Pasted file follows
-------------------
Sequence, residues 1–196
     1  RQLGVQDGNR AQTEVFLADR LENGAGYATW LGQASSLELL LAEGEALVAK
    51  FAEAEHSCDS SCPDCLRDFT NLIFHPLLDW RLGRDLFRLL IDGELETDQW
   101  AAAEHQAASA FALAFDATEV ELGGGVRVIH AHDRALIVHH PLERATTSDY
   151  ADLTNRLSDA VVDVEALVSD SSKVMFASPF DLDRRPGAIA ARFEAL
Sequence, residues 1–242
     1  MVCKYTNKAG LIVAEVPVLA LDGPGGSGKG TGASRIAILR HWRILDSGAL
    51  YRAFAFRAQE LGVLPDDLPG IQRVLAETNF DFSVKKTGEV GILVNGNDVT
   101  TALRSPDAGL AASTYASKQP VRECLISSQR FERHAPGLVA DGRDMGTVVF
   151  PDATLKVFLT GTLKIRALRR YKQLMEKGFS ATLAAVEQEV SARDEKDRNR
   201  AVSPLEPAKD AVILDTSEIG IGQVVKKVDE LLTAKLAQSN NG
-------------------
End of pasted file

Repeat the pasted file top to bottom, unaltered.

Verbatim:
Sequence, residues 1–196
     1  RQLGVQDGNR AQTEVFLADR LENGAGYATW LGQASSLELL LAEGEALVAK
    51  FAEAEHSCDS SCPDCLRDFT NLIFHPLLDW RLGRDLFRLL IDGELETDQW
   101  AAAEHQAASA FALAFDATEV ELGGGVRVIH AHDRALIVHH PLERATTSDY
   151  ADLTNRLSDA VVDVEALVSD SSKVMFASPF DLDRRPGAIA ARFEAL
Sequence, residues 1–242
     1  MVCKYTNKAG LIVAEVPVLA LDGPGGSGKG TGASRIAILR HWRILDSGAL
    51  YRAFAFRAQE LGVLPDDLPG IQRVLAETNF DFSVKKTGEV GILVNGNDVT
   101  TALRSPDAGL AASTYASKQP VRECLISSQR FERHAPGLVA DGRDMGTVVF
   151  PDATLKVFLT GTLKIRALRR YKQLMEKGFS ATLAAVEQEV SARDEKDRNR
   201  AVSPLEPAKD AVILDTSEIG IGQVVKKVDE LLTAKLAQSN NG